§ Awareness without attachment is like electricity without a wire. There’s just brightness. When there’s no wire, no one can get electrocuted. Or you could say that it’s like a flame that doesn’t need a lamp. No wick gets used up, no oil gets consumed, and yet there’s light.

§ If we separate the body and the mind from each other, our ordinary awareness disappears, but that doesn’t mean that awareness is annihilated. It’s still there, but it’s a special awareness that doesn’t have to depend on the body or mind. It’s the same as when we separate the wax of a candle from its wick: The flame disappears, but the fire potential isn’t annihilated. Whether or not there’s fuel, it exists in the world by its very nature. This is the awareness of nibbāna.

§ Arahants can speak and act, but they don’t speak or act the way ordinary people do. They know how to separate things. Like a person speaking over the radio: Even though we may hit the radio, it doesn’t reach the person speaking.

§ The experience of release has no sense of “before” or “after,” or even any “present.”

§ When the heart is empty, it feels light and free, with no preoccupations at all. Like a bird: Even though it has feet, it doesn’t leave any tracks in the air. In the same way, when the mind is empty, even if people criticize you there’s no writing in the air. Nothing gets stuck in the heart.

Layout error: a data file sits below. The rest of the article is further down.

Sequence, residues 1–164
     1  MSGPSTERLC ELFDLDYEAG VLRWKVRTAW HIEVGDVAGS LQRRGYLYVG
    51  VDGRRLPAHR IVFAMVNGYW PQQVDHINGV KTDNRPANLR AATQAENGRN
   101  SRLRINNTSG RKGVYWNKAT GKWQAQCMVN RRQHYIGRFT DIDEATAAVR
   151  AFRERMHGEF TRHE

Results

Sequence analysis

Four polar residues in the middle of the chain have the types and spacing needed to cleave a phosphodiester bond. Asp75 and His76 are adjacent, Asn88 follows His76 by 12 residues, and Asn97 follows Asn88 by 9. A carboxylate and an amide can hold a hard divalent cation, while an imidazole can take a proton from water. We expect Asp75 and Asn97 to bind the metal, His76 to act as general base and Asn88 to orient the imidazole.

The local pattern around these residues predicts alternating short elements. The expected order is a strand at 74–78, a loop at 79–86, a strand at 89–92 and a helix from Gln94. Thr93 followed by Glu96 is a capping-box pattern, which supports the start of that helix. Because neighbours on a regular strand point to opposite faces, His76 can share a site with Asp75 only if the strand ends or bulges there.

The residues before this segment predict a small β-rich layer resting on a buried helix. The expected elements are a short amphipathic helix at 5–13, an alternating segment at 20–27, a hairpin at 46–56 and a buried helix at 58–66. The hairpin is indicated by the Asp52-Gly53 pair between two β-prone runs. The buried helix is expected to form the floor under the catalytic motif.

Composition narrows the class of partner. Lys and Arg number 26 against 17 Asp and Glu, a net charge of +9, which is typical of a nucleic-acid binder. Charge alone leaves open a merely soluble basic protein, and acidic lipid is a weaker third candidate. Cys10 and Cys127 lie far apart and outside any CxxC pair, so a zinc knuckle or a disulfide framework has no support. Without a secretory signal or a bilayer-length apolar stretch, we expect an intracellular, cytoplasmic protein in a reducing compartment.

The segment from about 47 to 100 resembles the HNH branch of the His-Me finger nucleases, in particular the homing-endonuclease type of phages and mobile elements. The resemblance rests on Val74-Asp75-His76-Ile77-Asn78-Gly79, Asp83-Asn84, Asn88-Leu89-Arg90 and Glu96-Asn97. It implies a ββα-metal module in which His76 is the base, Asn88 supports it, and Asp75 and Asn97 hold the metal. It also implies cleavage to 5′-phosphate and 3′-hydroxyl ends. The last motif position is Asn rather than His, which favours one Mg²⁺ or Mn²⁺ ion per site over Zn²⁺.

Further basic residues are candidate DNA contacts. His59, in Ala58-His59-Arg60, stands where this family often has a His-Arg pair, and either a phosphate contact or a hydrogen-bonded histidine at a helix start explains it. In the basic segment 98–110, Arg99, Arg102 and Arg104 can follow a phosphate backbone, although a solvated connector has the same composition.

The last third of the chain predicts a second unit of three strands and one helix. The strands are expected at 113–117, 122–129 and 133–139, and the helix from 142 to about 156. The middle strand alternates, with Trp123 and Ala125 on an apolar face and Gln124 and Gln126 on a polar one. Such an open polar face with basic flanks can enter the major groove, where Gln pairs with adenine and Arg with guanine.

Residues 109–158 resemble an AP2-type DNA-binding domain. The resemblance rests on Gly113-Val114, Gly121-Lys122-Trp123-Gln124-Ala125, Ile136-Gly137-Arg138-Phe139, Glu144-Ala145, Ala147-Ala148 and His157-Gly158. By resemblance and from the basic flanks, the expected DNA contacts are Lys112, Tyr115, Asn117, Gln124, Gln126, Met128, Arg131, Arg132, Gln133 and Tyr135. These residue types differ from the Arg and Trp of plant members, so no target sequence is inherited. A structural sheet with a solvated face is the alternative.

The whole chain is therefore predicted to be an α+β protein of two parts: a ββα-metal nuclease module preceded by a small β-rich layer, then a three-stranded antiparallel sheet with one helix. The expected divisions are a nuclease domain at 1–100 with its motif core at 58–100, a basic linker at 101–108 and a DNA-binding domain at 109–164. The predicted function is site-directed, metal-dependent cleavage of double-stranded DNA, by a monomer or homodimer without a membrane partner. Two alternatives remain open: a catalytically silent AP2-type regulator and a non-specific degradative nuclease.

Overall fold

§ Tranquility meditation means to keep the mind quiet in craving. Insight meditation means knowing both the mind with craving and the mind without craving. Knowing perceptions of past and future for what they are is intuitive knowledge. This kind of knowledge isn’t stuck on any perceptions at all. This is called the skill of release. It’s not stuck on the mind with craving or the mind without craving. It’s like writing letters in the air. The air doesn’t get used up, the writing doesn’t require any effort, and you can’t read what it says at all. Whether you write good or bad things, you can’t read what they say. The air is there, but as for shapes in the air, there are none.